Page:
While none of his rivals have landed a punch on the health care issue — though it seems like Rick Santorum is on the right path, it is certainly something that Mitt Romney will continue deal with during his campaign as he bobs and weaves from his own past statements; as the Wall Street Journal notes:
The exchange began when Rick Santorum scored Mr. Romney for lacking health-care “credibility,” since the 2006 Bay State reform “was the basis for ObamaCare.” If the first claim is for primary voters to decide, no one who knows anything about health policy on the left or right would deny the second: When Democrats wrote the Affordable Care Act in 2009 and 2010, they borrowed liberally from Mr. Romney’s model.
If the plans are not identical in every detail, they share major phenotypes: an individual mandate to buy health insurance or else pay a penalty; large transfer payments to subsidize the middle class; and much more government control over how insurance plans are structured, how medical services are delivered, and how both are priced.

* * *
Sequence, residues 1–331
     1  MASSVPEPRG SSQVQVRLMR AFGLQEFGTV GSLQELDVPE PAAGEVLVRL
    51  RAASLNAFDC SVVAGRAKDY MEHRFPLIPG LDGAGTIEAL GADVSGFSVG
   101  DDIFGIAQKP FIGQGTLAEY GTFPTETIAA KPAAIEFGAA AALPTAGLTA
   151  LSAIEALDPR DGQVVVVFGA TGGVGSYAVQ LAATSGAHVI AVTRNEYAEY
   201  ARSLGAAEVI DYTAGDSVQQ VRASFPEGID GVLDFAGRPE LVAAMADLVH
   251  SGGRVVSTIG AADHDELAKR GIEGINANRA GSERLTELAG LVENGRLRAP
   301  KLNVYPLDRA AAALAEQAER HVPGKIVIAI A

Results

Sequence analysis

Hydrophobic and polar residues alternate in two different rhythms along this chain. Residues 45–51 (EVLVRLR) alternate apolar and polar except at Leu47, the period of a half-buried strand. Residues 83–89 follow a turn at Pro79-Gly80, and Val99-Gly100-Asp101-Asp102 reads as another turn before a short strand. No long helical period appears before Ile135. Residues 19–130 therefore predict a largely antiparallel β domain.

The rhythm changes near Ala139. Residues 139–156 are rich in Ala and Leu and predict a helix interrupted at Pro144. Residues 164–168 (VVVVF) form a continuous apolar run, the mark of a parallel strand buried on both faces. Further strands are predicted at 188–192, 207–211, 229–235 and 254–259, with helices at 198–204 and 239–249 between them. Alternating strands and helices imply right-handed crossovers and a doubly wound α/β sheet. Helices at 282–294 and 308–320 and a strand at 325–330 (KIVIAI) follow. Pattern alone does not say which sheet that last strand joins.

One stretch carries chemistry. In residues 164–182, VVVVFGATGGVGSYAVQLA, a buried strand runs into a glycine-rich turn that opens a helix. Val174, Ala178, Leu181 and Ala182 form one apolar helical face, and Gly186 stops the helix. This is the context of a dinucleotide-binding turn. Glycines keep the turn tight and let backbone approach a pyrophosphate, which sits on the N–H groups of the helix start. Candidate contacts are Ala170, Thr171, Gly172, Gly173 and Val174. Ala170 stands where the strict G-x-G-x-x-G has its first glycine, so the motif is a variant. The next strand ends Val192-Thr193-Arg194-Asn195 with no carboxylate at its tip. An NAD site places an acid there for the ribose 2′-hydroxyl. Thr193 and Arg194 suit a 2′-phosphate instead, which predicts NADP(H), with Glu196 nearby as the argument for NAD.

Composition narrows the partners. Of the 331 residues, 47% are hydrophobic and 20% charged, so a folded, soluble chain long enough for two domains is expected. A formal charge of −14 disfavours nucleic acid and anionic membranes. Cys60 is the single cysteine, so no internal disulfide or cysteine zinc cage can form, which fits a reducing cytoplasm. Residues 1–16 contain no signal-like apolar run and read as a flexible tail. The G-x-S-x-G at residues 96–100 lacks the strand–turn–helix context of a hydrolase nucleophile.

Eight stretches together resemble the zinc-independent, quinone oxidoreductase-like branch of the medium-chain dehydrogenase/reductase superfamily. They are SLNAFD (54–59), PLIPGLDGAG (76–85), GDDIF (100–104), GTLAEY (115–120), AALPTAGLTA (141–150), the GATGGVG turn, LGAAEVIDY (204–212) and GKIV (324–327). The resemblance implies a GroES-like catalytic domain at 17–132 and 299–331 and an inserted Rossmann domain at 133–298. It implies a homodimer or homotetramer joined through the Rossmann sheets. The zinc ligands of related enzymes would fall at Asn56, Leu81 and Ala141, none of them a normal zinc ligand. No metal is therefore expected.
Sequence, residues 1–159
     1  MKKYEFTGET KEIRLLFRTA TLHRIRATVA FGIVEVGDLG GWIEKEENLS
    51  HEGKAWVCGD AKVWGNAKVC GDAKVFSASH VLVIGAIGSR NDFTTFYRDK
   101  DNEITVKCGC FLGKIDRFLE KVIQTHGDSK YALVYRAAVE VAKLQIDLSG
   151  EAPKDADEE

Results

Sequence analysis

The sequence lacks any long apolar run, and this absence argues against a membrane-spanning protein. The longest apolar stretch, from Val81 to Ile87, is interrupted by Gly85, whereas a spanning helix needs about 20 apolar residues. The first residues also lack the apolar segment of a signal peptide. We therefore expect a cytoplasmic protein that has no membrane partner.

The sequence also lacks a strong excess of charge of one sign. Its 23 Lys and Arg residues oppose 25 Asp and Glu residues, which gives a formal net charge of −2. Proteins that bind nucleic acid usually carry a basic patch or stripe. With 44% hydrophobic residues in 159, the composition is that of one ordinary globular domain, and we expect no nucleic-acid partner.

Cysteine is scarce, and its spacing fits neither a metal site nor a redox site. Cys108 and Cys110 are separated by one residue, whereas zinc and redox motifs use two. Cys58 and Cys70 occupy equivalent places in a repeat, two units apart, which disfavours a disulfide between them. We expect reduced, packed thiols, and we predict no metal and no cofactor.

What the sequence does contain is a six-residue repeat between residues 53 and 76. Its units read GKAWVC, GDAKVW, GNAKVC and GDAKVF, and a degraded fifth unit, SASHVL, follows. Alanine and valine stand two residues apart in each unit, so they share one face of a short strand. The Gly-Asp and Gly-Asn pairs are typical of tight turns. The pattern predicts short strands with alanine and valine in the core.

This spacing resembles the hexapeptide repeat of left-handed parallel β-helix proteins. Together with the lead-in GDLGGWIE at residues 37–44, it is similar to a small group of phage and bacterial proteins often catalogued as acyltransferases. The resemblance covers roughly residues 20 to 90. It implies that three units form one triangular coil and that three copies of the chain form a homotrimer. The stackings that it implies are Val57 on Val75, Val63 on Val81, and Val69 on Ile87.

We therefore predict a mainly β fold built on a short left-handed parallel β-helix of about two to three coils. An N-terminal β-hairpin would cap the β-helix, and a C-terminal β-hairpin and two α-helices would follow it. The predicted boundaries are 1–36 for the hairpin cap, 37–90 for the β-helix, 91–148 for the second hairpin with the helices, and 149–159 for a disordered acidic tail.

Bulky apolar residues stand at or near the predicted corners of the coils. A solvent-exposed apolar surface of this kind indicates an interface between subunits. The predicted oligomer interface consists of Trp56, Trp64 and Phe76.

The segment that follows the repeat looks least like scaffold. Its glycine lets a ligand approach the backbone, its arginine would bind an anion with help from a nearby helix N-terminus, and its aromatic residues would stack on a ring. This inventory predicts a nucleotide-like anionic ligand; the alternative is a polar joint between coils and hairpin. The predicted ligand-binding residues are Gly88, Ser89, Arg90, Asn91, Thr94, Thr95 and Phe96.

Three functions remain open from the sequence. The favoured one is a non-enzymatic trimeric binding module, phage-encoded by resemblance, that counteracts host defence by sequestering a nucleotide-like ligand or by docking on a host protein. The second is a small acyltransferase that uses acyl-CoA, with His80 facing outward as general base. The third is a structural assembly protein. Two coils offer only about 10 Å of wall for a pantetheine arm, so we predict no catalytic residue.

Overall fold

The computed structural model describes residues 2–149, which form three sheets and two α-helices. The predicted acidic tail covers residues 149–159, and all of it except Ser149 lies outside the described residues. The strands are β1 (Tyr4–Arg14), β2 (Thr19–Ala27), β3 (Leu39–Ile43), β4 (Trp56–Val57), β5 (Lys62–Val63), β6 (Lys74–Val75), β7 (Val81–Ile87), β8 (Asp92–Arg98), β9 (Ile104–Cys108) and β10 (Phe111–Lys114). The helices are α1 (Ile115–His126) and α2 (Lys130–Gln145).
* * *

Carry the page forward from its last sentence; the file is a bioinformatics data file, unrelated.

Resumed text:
“This is something that was crafted for Massachusetts,” Mr. Romney responded in Las Vegas, repeating his stock answer. “It would be wrong to adopt this as a nation.” The former Governor says Mr. Obama’s plan “must be repealed” and then states can experiment with their own health-care solutions.
But the larger and more important point is that Mr. Romney continues to defend his Massachusetts plan as a success for precisely the same reasons that President Obama says it should be imposed on all states. In reality, the Massachusetts plan is not a success and its problems are the best refutation of the duo’s arguments.